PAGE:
NBA 2K. I’m actually a big video game person, and the Warriors are unbeatable on that game now.

Isn’t it cheating if you play with the Warriors?

Well, the last time I played, I played with the [San Antonio] Spurs.

What’s your favorite social media outlet?

I don’t know if YouTube is considered “social media,” but the reason I like YouTube is that it doesn’t only give you the visuals. It also gives you the ability to hear and to see what people are talking about. There’s so much information on YouTube; I get lost in YouTube all the time.

What’s your go-to karaoke song?

Will Smith’s “Summertime.” I’m not a good singer, and I don’t like being in front of people knowing I can’t sing, so at least I can bring a whole bunch of energy if I’m rapping.

What’s the first concert you ever went to?

I wanna say an NSYNC concert.

How old were you?

About 5 [laughs]. I really loved NSYNC when I was younger. And the Backstreet Boys.

When did you realize you were making a name for yourself in golf?

When I started getting national attention. From Ebony and Jet and a CNN segment with Fredricka [Whitfield]. And I also do motivational speaking. All those things together let me know that people actually want to see me!

What do you talk about in your motivational speeches?

I usually talk to the youth about developing character strength and persevering through the same struggles that I went through when I was a teen.

What would you tell your 15-year-old self?

It gets no easier. I had a lot of false interpretations of what the golf world was really like. I thought if I just reached this level of success in my golf game it would be cruising from there, but that has not been the case. There’s always a different challenge.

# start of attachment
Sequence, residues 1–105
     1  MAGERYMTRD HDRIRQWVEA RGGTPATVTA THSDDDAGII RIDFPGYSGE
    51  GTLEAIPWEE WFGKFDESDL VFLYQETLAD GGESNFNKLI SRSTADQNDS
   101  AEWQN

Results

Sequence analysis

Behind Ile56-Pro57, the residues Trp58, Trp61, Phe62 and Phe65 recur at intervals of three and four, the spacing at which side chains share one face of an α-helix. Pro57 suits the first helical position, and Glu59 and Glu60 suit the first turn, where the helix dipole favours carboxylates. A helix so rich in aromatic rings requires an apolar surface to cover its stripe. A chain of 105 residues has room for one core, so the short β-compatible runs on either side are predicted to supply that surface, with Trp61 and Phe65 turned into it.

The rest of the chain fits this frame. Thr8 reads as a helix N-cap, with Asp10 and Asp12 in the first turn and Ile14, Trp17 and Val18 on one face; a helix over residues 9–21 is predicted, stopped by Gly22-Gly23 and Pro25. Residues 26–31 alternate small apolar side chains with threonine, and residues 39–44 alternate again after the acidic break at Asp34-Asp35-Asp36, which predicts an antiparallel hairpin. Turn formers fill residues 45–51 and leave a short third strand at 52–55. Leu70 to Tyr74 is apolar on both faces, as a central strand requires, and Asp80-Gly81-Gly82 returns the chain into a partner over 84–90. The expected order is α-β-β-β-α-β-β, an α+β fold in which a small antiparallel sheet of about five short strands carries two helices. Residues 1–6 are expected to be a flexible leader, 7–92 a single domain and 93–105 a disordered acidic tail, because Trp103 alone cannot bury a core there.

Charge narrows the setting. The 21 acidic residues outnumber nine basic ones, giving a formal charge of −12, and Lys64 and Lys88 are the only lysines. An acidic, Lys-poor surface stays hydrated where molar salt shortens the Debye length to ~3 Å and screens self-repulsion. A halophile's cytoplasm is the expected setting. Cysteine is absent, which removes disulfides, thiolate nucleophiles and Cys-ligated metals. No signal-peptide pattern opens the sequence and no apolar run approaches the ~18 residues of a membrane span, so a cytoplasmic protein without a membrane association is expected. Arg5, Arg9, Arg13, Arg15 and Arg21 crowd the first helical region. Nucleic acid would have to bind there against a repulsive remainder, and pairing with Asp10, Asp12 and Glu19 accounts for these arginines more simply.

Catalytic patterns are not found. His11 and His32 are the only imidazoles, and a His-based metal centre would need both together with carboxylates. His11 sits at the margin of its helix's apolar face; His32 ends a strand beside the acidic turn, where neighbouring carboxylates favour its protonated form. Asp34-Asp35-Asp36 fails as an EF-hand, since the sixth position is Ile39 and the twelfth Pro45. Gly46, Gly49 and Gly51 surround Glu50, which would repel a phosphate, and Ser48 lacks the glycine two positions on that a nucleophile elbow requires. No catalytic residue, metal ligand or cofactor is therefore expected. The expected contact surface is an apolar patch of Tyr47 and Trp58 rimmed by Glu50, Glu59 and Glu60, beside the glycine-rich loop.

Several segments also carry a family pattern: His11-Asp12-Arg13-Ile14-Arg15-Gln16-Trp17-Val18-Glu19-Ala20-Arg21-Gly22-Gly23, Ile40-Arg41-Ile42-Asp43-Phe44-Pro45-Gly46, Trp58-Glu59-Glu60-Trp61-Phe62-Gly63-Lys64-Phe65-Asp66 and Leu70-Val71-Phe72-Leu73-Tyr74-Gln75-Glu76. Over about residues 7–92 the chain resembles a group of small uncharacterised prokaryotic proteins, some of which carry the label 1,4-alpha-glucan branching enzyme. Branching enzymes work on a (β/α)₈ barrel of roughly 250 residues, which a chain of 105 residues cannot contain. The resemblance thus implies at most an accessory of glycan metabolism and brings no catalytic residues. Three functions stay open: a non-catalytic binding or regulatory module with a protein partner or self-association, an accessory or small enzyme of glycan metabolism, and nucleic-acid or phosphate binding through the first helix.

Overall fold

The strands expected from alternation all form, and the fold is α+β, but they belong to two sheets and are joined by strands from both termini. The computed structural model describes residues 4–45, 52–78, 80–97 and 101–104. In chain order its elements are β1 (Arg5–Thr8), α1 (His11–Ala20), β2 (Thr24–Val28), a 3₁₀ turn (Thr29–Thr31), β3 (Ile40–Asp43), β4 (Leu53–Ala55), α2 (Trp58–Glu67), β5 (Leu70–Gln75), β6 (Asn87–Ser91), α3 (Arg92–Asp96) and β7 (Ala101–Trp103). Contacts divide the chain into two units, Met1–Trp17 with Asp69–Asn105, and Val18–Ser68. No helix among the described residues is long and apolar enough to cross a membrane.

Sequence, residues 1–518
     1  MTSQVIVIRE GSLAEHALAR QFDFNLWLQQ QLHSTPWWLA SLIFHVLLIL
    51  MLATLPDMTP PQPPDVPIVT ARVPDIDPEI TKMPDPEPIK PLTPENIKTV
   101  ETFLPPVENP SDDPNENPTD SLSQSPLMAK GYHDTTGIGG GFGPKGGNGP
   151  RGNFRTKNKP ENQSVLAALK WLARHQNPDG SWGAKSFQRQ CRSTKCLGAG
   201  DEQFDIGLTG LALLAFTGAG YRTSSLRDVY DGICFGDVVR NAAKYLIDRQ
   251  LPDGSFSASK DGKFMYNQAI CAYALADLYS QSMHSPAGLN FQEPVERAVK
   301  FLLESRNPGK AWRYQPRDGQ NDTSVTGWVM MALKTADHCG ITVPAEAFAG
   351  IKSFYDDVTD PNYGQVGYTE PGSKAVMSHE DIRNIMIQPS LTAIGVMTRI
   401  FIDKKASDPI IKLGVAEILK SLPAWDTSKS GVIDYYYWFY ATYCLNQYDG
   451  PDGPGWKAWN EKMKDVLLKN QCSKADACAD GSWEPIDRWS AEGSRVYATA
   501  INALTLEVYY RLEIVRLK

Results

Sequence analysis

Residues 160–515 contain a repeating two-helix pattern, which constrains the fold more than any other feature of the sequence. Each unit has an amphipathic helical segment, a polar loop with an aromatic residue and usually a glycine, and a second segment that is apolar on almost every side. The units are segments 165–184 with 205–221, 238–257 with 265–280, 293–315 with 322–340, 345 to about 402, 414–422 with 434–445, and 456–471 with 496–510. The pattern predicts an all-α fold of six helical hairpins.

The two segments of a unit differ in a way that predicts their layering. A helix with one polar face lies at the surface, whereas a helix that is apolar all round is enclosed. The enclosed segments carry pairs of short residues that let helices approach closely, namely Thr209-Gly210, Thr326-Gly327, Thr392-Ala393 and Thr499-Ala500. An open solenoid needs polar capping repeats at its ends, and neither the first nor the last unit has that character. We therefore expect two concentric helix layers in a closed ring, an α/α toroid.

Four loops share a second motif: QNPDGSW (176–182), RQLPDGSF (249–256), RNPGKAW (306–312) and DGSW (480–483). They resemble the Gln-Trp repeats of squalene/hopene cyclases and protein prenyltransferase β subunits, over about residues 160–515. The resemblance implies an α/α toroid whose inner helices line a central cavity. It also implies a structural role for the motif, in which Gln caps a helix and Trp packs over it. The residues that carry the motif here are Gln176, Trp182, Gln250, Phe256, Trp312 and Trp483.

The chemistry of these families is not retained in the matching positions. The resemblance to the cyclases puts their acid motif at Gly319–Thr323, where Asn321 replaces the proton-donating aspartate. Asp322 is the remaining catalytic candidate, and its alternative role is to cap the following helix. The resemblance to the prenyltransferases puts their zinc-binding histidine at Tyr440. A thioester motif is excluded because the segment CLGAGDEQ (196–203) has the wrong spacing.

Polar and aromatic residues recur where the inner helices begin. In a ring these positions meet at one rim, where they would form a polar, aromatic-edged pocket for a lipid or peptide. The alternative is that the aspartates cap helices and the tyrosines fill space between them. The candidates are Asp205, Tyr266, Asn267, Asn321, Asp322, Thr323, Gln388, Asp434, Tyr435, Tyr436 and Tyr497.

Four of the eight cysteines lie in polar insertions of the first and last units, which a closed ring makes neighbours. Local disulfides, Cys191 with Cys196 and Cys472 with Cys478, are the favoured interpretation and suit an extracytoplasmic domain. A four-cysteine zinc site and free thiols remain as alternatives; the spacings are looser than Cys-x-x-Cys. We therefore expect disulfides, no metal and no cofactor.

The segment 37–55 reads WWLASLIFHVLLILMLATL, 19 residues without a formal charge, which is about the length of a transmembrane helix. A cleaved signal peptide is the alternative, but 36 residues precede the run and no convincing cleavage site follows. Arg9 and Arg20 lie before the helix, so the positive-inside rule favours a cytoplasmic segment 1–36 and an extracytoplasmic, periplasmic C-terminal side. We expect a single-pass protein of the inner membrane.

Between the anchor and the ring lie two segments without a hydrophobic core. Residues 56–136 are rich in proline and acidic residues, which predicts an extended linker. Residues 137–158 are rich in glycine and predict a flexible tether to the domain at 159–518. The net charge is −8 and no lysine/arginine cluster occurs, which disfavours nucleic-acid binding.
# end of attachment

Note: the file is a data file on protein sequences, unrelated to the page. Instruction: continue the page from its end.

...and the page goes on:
What’s one thing you can’t get on the bandwagon for?

I can’t stand macaroni and cheese.

Are we talking boxed macaroni? Because boxed macaroni is nasty and I’ll never touch it.

I’m talking homemade, Thanksgiving, your grandma made it.

You don’t like grandma’s mac and cheese?

I’m not a big cheese person.

What’s the last stamp on your passport?

Puerto Rico. That was where I shot my last show, [Golf Channel’s] Big Break [in 2013].

What’s one habit that you wish you could break?

I sometimes procrastinate. When I need to get something done, I wait until the last hour or two before it needs to get done rather than doing it immediately.

Have you ever been starstruck?

I briefly met Boris Kodjoe. I didn’t think he was going to be as gorgeous in person. But Boris really is gorgeous.

If you could be any athlete, dead or alive, who would you pick?